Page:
Wisconsin’s second off week came at an ideal time for quarterback Jack Coan. The free Saturday gave him a little extra time to scrape the Ohio Stadium turf out of his facemask and run his uniform through the rinse cycle an extra time for good measure.

Oh, and it gave Coan a few additional days to try to erase games against Illinois and Ohio State from his memory. That may be easier said than done, though.

Saturday, No. 13 Wisconsin (6-2) hosts No. 18 Iowa (6-2) in a matchup that could have significant B1G West implications as we close in on the final stretch of the season. The primary storyline will be the same as it’s been every week the Badgers are in action — can Iowa’s defense contain Jonathan Taylor?

Without question, that’s an important aspect of Saturday’s contest, just as it has been all season. Maybe more importantly than Taylor vs. the Iowa defense, though, is Coan’s frame of mind entering another game against another stingy defense. One that, statistically, is one of the best in the country.

Coan has taken quite a beating the last two games, getting sacked seven times, losing three fumbles and throwing an interception in back-to-back losses to Illinois and Ohio State, both on the road. That interception ended up being the deciding factor in the Badgers’ upset loss to the Illini, too.

Wisconsin’s offense has looked drastically different the last two contests than it did during that six-game winning streak to start the year.

Credit: Jeff Hanisch-USA TODAY Sports

Now, Coan and the Wisconsin offensive line face another significant challenge against an Iowa defense that ranks in the top 12 nationally in every major statistical category. The Hawkeyes rank third in points allowed (10.1 points), eighth against the run (87.5 yards), 12th in defending the pass (178.1 yards) and sixth in total defense (265.9 yards). They’ve held five of eight opponents to their lowest point total of the season — which includes Iowa State, Michigan and Penn State.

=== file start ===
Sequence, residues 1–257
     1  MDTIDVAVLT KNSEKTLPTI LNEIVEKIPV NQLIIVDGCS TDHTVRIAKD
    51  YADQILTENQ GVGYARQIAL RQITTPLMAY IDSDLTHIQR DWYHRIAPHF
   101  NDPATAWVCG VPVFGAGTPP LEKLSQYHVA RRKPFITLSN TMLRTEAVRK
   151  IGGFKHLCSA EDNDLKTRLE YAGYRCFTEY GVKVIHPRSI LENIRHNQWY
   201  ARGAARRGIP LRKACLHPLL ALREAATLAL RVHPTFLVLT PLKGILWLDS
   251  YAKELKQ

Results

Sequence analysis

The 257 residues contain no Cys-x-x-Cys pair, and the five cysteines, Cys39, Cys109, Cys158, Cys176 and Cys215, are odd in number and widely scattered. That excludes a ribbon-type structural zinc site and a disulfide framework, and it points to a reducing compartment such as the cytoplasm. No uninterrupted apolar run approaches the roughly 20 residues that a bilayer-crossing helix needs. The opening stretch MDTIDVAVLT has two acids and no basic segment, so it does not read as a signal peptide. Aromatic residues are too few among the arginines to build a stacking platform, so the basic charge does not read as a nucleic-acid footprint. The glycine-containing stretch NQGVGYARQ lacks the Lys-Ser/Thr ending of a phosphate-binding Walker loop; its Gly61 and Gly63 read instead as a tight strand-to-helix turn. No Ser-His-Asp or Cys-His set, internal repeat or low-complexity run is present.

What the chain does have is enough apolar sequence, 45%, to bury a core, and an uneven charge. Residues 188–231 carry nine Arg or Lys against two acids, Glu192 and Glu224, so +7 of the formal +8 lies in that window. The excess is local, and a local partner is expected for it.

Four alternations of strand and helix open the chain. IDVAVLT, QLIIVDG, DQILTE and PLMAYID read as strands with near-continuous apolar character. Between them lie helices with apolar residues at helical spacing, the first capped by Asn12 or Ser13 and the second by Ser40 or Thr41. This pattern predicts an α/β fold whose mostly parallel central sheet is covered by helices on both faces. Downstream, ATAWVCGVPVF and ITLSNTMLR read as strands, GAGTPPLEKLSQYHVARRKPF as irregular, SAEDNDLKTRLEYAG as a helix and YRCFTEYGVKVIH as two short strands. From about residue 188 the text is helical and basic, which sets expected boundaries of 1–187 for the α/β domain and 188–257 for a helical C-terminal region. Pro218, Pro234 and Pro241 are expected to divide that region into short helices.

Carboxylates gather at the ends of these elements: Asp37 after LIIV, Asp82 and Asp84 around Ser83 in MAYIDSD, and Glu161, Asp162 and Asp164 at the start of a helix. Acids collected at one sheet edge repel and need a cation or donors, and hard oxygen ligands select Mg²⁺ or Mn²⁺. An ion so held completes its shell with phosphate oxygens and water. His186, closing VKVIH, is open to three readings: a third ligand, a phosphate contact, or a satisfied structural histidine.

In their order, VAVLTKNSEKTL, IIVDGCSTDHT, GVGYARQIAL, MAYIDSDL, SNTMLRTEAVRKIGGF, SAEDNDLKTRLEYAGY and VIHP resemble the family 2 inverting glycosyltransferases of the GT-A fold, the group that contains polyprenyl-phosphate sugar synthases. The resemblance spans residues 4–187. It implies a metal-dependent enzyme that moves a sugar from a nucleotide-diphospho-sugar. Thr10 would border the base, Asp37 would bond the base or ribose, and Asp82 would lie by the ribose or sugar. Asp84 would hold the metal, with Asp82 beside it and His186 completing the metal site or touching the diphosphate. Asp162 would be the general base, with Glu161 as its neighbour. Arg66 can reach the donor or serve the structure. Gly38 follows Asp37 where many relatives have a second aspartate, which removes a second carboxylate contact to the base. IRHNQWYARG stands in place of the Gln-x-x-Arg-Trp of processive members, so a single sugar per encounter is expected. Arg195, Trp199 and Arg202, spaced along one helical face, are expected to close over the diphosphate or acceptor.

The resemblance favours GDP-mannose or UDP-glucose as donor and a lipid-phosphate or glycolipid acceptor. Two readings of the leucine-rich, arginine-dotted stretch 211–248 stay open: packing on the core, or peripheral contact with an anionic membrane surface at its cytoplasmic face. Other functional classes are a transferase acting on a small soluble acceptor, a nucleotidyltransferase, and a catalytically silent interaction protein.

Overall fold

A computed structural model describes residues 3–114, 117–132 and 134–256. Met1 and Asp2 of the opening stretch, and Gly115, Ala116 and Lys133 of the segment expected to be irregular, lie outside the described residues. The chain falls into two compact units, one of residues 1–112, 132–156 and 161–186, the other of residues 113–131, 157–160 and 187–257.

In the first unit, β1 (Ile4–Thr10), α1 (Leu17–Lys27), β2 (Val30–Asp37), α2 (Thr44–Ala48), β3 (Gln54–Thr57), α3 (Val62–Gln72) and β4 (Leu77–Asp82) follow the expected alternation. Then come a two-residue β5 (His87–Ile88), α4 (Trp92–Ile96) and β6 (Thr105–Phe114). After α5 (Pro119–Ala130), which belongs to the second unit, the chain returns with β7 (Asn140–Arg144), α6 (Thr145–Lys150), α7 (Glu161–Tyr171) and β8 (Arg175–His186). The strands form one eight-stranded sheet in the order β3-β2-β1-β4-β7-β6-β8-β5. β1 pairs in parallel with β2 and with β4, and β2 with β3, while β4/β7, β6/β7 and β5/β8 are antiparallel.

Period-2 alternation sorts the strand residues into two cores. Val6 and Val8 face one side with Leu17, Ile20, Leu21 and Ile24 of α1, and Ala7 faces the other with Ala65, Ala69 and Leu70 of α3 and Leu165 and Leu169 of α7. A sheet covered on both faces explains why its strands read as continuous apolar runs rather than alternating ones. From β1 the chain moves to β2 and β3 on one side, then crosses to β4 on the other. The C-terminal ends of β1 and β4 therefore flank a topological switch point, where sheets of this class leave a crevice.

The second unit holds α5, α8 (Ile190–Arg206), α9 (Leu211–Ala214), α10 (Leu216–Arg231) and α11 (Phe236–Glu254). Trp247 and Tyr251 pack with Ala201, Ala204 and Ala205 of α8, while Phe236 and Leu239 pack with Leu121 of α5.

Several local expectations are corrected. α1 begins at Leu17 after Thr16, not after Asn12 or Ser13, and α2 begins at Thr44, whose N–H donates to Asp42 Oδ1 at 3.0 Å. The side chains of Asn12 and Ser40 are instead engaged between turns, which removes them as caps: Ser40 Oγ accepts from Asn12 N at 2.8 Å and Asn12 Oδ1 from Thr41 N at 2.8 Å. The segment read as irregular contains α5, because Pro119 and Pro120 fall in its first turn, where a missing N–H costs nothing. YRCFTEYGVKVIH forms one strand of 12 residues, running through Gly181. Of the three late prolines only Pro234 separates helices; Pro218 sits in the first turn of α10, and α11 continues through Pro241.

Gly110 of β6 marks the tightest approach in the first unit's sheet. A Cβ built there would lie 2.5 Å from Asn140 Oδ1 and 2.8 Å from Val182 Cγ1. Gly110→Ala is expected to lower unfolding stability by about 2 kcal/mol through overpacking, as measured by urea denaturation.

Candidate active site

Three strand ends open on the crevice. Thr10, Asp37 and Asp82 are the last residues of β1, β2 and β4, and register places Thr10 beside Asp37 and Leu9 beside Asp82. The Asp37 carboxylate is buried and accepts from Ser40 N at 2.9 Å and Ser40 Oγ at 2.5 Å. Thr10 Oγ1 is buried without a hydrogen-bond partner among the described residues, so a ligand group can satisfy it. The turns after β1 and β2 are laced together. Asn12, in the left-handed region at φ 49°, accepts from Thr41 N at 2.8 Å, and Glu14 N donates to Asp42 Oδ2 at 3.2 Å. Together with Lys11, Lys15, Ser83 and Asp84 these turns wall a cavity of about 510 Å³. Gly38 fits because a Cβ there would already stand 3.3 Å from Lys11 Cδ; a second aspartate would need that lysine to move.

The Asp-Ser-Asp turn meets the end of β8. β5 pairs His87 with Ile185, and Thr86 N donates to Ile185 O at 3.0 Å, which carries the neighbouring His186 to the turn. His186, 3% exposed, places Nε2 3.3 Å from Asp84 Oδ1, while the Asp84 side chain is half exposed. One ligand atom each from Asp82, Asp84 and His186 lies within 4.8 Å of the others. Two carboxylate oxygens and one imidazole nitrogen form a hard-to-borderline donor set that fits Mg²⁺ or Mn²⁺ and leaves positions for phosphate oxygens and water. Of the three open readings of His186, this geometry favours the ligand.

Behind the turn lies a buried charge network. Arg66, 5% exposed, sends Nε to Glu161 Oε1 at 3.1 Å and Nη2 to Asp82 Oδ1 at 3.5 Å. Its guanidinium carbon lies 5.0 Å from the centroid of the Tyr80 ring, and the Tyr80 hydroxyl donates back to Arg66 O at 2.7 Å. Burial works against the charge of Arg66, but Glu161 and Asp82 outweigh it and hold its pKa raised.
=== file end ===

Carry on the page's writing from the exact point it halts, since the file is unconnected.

Finding the end zone on Iowa — heck, just moving the chains — has been really difficult for offenses.

There is a major difference between Iowa’s defense and the troubles that Ohio State and Illinois present, though. As good as Kirk Ferentz’s bunch is on that side of the football, the Hawkeyes have recorded just 10 takeaways and 16 sacks this year — ranking 11th and 12th in the B1G respectively. It’s not a very opportunistic defense, let’s say.

That’s not to say Iowa doesn’t have some studs. A.J. Epenesa still leads the team with 3.5 sacks and Chauncey Gholston and Daviyon Nixon have combined for 13 tackles for loss along the defensive line. Michael Ojemudia has two interceptions and broken up six additional passes in the secondary. Iowa has some playmakers.

What does all this have to do with Coan?

Even though the Hawkeyes don’t have the same pass rush and talent across the field as Ohio State, and don’t force as many turnovers as Illinois, They should still be able to contain Taylor enough to put Coan in some critical passing situations on Saturday. And that’s where we’ll discover how much of an effect Wisconsin’s last two losses have had on the Badgers quarterback.

Coan has turned the football over four times in the last two games, and taken nearly as many sacks in the last two games as he did in the first six combined. That’s pretty new territory for a first-year starting quarterback. You can’t help but wonder if memories of Chase Young will be lingering in his mind, especially in those 3rd-and-long situations.

Credit: Jeffrey Becker-USA TODAY Sports

Will he have a quick of a trigger, rush throws and miss his open targets? Or will he hang on to the ball too long, tuck it away and take a few sacks, willing to lose chunks of yardage rather than turning the ball over?

Essentially, what I’m asking, is if the mistakes against Illinois and Ohio State haunt Coan again this Saturday? Will a still-young quarterback be able to compartmentalize the negatives from Wisconsin’s two losses and revert back to what got the Badgers to 6-0?

There’s a chance he plays way more conservatively than he has all season. And for a Wisconsin quarterback, that’s really saying something.

Statistics don’t tell the whole story, but in this case, the numbers and the highlights suggest that Iowa won’t be bothering Coan nearly as much as Ohio State and Illinois did. The Hawkeyes have had trouble getting to the quarterback this year, and if Wisconsin’s offensive line holds up, Coan should have more than enough time in the pocket for most of the day.

The situations where protection collapses and the Hawkeyes do get pressure, and how Coan handles it, is what’s most intriguing about Saturday’s game. Those moments will define this weekend’s rivalry matchup between Iowa and Wisconsin.

They could also be the defining moments in the B1G West race.